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We even got to see them bringing out John James Audubon’s massive ‘Birds of America’, described as the greatest natural history book ever produced which was oddly thrilling.

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My favourite room of all, though room seems slightly inadequate as it’s gargantuan really, is the Picton Reading Room which too has been restored to its former glory and houses all the ‘reading only’ copies of books as well as the ‘reserved’ central stock.

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The reserved stock looks amazing, I was thinking of all the out of print or special older editions of books that might be found…

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Because really the shelves are endless…

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Isn’t it amazing? You can tell where I am going to be spending a lot of time on and off over the coming months and years. I am actually thinking of moving in and seeing if anyone notices? Do you think I would get away with it? It certainly highlights what a library can be in the modern world, if only everyone saw every little library as important as the people here have the central library. We need them after all don’t we?

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In A Dream Library…

I have meant to put up several posts and book reviews in the last few days, either I have not thought the book reviews were quite right or good enough (I am still slightly sulking that none of you commented on what has been one of my favourite reviews I have written ever, ha) or I have been too manic in the final few days of Liverpool’s Literary Festival, ‘In Other Words’,  which ends on Sunday. This week the big, big news is the forthcoming reopening of Liverpool’s Central Library on Friday… and guess where I was today?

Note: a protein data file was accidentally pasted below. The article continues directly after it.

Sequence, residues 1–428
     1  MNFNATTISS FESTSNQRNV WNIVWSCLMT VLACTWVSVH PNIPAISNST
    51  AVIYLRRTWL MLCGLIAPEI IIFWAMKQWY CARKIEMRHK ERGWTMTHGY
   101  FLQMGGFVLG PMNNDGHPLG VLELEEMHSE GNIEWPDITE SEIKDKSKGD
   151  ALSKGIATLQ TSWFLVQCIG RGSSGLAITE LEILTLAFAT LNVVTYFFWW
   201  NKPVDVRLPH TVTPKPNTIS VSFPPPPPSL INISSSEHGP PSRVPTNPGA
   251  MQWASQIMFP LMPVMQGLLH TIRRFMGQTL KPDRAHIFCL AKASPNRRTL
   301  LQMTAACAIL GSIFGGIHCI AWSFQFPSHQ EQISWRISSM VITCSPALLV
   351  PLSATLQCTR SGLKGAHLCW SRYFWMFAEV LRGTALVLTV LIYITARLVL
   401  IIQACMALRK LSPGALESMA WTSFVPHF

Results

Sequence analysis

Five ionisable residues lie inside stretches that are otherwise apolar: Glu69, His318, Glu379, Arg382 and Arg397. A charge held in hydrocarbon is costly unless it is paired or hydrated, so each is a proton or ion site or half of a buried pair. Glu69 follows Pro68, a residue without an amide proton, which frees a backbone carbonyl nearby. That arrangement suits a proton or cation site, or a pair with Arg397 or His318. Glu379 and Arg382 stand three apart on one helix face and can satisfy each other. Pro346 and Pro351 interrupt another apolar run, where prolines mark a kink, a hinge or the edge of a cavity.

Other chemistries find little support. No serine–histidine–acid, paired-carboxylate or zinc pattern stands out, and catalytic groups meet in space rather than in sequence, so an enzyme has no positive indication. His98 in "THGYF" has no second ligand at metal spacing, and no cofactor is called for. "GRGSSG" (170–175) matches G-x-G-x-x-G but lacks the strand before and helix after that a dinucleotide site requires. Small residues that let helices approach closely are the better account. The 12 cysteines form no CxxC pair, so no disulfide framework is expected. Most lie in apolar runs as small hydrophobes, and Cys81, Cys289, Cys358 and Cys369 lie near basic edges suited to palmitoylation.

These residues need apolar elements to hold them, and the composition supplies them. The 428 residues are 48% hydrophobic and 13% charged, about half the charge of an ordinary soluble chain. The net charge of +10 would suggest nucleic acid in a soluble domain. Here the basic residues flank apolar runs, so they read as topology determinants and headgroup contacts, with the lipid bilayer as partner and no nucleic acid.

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I have to say that walking through a fairly people-less library is a very odd feeling indeed – especially one that sprawls over five stories and goes into several different buildings. It has to be seen to be believed (and I can’t give too much away yet but expect a post on it this weekend). I can say they have pulled off something very rare as the library mixes the brand spanking new with a facade from 1860 and the restoration of The Hornby Library and Picton Reading Room from 1906 which link into the main building magically. Oh go on then… as you have seen some of the new I will let you see some of the newly restored too.

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As we were shown the finished building I discovered that it took 4 months to stock the library (with old and new stock – I imagined it was all knew and that they had binned, thank heavens they hadn’t) which has 15,393 metres of shelves which can house approximately 355,000 books. Amazing! You can guess where my new favourite place in Liverpool is going to be! This also made me ponder…

If you had 15,393 metres of shelves at your disposal, for your own lending library, what would be the first five books that you would put in them for people to borrow? I would love your suggestions (I am bound to have read hardly any of them) and will reveal mine when I do a big library reveal blog post later in the week. So over to you, name your five…